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COMMONWEALTH PENNSYLVANIA v. STEPHEN E. DAVIS (09/28/79)

SUPERIOR COURT OF PENNSYLVANIA


filed: September 28, 1979.

COMMONWEALTH OF PENNSYLVANIA, APPELLANT,
v.
STEPHEN E. DAVIS

No. 2802 October Term, 1978, On appeal from the Order of the Court of Common Pleas, County of Delaware, Criminal Division, No. 6870-77

COUNSEL

Guy A. Messick, Assistant District Attorney, Media, for Commonwealth, appellant.

Robert F. Pappano, Assistant Public Defender, Media, for appellee.

Price, Gates*fn* and Dowling,*fn* JJ.

Author: Dowling

[ 270 Pa. Super. Page 204]

This appeal by the Commonwealth*fn1 is taken from an Order of the court below suppressing evidence seized in the warrantless search of appellee's automobile. For the reasons that follow, we affirm.

Police had been involved in a month-long investigation of the defendant, when suddenly, in response to a phone call from the informant who had fueled the inquiry from the start, they conducted a warrantless search of his car, discovering drugs hidden under the hood. The hearing judge held that the failure to have procured a warrant rendered the search invalid, unless the Commonwealth could prove the existence of exigent circumstances. To prove such, the court required a showing of unforeseen probable cause occurring shortly before the opportunity for search, and held the Commonwealth had failed to meet the burden.

On appeal, the Commonwealth contends that the failure to obtain a warrant does not prejudice its right to conduct a search in response to an urgent situation requiring prompt police action. The appellant is correct, as far as his argument goes, but the record fails to support a finding of pressing circumstances at the time probable cause to search arose. The crucial determination here is that probable cause arose not at the time of the police stake-out of appellee's car, but at the time they received the informant's phone call earlier in the day. The Commonwealth simply presented no evidence concerning why it was not feasible for the authorities to have obtained a warrant between the time of the call and the time of the stake-out.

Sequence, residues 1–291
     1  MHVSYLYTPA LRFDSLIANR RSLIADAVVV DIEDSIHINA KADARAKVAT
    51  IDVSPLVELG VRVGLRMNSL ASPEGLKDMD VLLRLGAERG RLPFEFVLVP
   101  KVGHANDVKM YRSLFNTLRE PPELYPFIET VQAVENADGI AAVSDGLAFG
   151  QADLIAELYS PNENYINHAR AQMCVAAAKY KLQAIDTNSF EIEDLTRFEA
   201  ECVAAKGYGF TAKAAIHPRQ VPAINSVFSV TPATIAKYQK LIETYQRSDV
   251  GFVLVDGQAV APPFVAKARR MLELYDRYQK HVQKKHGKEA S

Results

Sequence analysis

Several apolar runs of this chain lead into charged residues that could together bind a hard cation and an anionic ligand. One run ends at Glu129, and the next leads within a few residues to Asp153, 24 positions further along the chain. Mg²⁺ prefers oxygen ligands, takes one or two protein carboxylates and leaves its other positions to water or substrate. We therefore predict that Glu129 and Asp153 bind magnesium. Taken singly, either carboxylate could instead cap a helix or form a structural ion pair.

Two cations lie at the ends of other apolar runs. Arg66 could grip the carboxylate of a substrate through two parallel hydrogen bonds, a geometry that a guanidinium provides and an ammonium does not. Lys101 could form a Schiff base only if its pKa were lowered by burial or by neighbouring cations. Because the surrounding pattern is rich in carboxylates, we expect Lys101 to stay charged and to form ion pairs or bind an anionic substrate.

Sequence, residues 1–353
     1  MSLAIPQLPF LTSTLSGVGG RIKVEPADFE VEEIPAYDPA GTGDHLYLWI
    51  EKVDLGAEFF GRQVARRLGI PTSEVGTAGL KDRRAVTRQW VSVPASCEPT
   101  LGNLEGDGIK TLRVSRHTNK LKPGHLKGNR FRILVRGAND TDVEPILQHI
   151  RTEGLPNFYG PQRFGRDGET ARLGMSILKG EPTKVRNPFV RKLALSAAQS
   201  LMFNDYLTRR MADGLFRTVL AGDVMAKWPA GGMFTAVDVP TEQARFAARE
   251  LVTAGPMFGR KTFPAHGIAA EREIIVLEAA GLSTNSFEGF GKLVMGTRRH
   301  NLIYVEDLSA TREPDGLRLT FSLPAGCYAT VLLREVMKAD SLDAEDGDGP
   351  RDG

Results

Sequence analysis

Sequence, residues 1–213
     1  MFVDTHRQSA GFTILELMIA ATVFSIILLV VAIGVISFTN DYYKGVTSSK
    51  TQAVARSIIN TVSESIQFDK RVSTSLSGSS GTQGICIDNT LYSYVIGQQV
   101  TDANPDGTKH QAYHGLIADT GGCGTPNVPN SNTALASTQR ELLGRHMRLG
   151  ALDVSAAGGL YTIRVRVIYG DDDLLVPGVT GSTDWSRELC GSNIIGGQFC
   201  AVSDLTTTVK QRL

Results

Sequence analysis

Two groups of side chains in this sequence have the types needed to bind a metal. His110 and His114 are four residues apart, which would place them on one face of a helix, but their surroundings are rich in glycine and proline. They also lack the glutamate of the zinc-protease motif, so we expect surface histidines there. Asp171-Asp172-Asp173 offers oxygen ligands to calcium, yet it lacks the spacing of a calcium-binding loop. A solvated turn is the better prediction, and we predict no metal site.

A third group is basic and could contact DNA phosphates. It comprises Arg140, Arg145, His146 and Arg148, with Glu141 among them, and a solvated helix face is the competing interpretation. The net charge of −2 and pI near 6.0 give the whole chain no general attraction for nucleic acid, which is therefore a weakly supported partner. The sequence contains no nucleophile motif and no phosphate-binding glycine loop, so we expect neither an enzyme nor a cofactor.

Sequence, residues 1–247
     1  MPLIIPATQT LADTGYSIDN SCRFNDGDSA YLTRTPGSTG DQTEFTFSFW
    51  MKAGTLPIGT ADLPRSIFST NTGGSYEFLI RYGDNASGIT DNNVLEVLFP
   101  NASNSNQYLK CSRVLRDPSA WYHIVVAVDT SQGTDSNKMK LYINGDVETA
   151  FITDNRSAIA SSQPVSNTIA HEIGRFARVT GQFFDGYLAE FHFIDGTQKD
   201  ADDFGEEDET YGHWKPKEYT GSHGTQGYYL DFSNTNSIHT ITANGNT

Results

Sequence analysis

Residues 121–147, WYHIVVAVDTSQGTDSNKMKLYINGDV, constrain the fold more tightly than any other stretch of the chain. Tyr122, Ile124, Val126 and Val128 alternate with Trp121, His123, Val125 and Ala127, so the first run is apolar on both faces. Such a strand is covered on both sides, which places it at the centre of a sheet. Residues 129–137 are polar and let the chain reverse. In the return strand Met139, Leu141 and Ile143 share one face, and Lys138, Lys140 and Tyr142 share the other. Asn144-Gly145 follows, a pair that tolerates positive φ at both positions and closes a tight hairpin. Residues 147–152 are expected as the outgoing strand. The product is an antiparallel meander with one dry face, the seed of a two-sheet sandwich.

We agree with appellant that its decision to by-pass the judicial process during the month long investigation of appellee antecedent to the day of the search did not prejudice its right to proceed without a warrant under properly exigent

[ 270 Pa. Super. Page 205]

    circumstances. However, we find ourselves in accord with the lower court that the appellant failed to sustain its burden of proving that such an emergency existed at the time the search was conducted.

While appellant states in its brief that ". . . a search warrant could not have been secured after receiving the information from the informant on the date of the search due to the exigencies of the situation", there is no evidence in the record supporting this bald assertion. The police testified a call was received from the informant on the day of the search disclosing the itinerary of appellee for that day. Neither the time of the call from the informant nor the time of appellee's intended rendezvous later that day were brought out at the hearing. The time of the call is critical because that is when probable cause to search appellee's car arose. The time of appellee's rendezvous is important because that is when the police had the opportunity to conduct the search. Without knowing the differential between the time the police received the informant's telephone message and the time of the subsequent stakeout, we are unable to find that the warrantless search was predicated on unforeseen probable cause arising shortly before the opportunity to search, as required under the exigent circumstances rule. Commonwealth v. Maione, 227 Pa. Super. 239, 324 A.2d 556 (1974).